February 17, 2020

Weekly Market Commentary February 10th to February 14th 2020

The headline Consumer Price Index (CPI) advanced by 0.1% in January and 2.5% on a year-on-year basis. The annual figure drifted higher due to the roll-off of particularly low energy prices a year ago. The Core CPI (excluding food and energy) was higher by 0.2% for the month and held steady at 2.3% over the past year. The data continues to show a slow measured pace of inflation.

Retail Sales in the U.S. rose 0.3% in January as anticipated but was revised lower by -0.1% for each of the last two months. The Control Group (which factors directly into GDP) was flat for January, indicating a slow start to personal consumption in the new year.

Fed Chairman Jerome Powell wooed markets (in advance of Valentine’s Day) into a further sense of complacency in his comments made before the House Financial Services Committee and Senate Banking Committee this week. He described favorable labor markets and sound economic conditions in the U.S. The Fed does not yet have a quantifiable assessment of the economic impact Covid-19 (Coronavirus) may have but will be assessing information (specifically noting supply chain disruptions) as it becomes available. He also agreed with concerns about the current level of the fiscal deficit. Despite having minimal room to use rate cuts as a mitigating tool in an economic downturn, the Chairman assured the Committees that other quantitative easing tools could be employed such as open market operations. He indicated the reduction of T-bill purchases in the repo markets will take place at a slow and steady pace.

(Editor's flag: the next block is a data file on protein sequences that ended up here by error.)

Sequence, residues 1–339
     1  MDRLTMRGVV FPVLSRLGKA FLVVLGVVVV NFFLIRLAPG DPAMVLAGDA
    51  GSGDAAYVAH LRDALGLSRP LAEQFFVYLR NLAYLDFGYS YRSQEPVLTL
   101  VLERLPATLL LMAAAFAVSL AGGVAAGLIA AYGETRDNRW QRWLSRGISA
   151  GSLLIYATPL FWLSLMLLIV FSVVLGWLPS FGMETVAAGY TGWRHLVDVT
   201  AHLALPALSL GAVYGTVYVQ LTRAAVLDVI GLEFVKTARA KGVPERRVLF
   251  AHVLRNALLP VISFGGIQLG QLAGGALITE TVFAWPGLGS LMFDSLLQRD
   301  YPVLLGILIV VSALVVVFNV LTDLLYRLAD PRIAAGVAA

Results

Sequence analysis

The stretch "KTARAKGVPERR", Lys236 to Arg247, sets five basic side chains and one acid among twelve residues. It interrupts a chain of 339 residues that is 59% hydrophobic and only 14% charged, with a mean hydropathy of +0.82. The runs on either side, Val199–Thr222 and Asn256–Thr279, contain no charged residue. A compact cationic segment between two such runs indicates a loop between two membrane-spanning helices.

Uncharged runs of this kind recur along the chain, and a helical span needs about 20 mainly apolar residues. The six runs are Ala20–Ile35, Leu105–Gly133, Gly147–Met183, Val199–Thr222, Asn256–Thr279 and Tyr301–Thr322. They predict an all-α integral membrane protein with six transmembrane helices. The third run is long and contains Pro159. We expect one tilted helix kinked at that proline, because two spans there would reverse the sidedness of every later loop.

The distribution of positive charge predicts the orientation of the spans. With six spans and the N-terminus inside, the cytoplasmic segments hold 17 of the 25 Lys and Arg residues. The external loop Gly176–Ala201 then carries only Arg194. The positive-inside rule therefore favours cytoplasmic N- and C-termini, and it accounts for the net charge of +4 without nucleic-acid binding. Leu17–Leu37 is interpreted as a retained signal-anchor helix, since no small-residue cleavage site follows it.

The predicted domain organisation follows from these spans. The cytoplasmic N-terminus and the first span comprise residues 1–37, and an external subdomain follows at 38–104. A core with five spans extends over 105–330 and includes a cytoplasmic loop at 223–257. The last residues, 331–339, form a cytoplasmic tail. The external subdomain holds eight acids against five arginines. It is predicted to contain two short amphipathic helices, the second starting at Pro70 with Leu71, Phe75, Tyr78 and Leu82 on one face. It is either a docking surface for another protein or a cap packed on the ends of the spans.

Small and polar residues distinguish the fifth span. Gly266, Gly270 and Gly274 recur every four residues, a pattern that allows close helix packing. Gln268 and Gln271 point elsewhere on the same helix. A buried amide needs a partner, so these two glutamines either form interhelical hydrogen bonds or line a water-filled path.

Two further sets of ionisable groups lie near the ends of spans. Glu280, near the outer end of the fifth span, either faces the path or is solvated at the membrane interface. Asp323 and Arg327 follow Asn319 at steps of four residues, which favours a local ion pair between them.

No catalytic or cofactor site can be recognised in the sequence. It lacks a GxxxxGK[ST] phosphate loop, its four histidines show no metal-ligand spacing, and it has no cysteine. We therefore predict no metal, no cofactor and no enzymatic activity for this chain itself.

The 10-Year U.S. Treasury yield closed the week 6 basis points higher at 1.59%. Equity markets rose despite the ongoing spread of Coronavirus sited by market pundits as an unknown risk to economic growth and corporate profits. The S&P 500 Index advanced by 1.6% to 3,380. The NASDAQ was higher by 2.2% to 9,731 as highflying technology stocks continue to lead market strength.

Key economic reports in the holiday-shortened trading week next week include Housing Starts, Existing Home Sales, Producer Price inflation and the release of the latest FOMC meeting minutes.